Atheist Groups Unhappy with Removal of Michelangelo’s ‘Creation of Adam’ Poster with Flying Spaghetti MonsterBy Staff Reporter, UniversityHerald Reporter
Student union officials at the London South Bank University removed a parody image of the Michelangelo's early 16th-century ceiling fresco in the Sistine Chapel for being 'religiously offensive." The bearded humanoid god in Michelangelo's famous 'Creation of Adam' was replaced with a flying spaghetti monster, meatballs and flanked by angels.
The non-religious students belonging to the South Bank Atheist Society hung the alleged offensive poster last week by during a university event. The Society considered the poster as 'humorous' and placed it to encourage a secular society.
The secular student society removed the Society's stall from the start-of-the term event as well as the poster saying that the meatballs representing 'Adam's genitals' was offensive.
Atheist groups such as the British Humanist Association (BHA) and the National Federation of Atheist, Humanist and Secular Students Societies (AHS) denounced the removal of the poster. They said it was an "utterly ridiculous" decision and is part of "rising tide of frivolous censorship" at British universities.
"In the last few years we have seen our affiliated societies in campus after campus subjected to petty censorship in the name of offence - often even when no offence has been caused or taken," Andrew Copson, BHA chief executive, said, Independent reports.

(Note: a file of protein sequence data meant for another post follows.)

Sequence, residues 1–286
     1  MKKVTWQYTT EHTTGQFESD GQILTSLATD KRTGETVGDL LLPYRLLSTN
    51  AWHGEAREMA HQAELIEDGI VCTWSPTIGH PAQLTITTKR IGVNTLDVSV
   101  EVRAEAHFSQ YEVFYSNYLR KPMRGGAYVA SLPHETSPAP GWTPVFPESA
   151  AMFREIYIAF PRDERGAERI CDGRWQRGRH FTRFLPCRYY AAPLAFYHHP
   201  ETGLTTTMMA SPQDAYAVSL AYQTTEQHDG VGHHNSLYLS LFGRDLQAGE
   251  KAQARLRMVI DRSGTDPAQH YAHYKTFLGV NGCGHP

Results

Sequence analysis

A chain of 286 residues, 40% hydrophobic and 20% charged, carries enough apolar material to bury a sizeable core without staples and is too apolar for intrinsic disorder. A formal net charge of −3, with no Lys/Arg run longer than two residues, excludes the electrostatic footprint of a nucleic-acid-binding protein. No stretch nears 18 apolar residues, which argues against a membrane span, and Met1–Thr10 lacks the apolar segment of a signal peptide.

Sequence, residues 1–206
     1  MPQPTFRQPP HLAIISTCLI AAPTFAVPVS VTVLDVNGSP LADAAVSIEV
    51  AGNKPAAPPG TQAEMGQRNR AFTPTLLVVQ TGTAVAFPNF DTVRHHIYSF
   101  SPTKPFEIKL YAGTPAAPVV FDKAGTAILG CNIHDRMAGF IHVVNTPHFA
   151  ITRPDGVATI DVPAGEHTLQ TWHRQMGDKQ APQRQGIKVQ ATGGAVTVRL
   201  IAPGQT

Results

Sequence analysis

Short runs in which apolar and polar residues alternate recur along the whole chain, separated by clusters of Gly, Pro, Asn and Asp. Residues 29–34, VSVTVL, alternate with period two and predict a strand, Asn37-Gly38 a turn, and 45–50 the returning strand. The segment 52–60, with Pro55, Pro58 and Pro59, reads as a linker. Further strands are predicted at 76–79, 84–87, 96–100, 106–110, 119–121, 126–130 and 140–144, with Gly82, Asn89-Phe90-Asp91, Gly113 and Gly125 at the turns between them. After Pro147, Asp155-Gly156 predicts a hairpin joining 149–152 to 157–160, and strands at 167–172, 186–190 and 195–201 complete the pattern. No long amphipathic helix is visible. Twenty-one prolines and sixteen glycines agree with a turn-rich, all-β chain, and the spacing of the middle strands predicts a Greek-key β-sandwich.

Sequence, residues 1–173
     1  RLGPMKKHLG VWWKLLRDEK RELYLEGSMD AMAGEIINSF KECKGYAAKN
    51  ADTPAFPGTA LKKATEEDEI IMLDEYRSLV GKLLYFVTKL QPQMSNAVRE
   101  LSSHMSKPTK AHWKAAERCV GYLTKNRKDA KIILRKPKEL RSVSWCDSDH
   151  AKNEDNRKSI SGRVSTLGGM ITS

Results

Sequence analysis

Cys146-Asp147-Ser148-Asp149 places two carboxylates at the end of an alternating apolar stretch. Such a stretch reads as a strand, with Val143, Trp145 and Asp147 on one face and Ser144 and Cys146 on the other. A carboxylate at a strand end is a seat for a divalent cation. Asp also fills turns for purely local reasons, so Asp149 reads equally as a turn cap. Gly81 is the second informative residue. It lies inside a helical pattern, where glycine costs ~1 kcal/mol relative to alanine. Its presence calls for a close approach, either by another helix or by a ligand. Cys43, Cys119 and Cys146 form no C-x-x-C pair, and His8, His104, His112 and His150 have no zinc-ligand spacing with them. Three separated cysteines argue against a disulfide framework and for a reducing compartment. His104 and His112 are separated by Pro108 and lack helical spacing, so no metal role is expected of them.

Copson said that oversensitive union officials are unnecessarily harassing students "whose only desire is to get run totally legitimate social and political societies,"
Choe Ansari, a 21-year-old president of the Society, said that ever since her admission at the university, she has seen no arguments, challenges or logical debates over controversial topics in the campus. All the time, the 'religious sensibilities' has dominated all other rights.
"This incident is just one of a catalogue of attempts to censor our society. I never expected to face such blatant censorship and fragile sensibilities at university, I thought this would be an institution where I could challenge beliefs and in turn be challenged," Ansari, a second-year English student, said,Huffington Post reports.
Rory Fenton, president of the AHS, said that there is a growing trend of censoring affiliated societies in universities to avoid offending religious sensitivities of enthusiastic union representatives.
"Universities need again to be reminded to recognise our members' right to free speech: the same rights that also ensure freedom of expression for religious students. Universities must recognise that their duty is to their students, not their students' beliefs," Fenton said.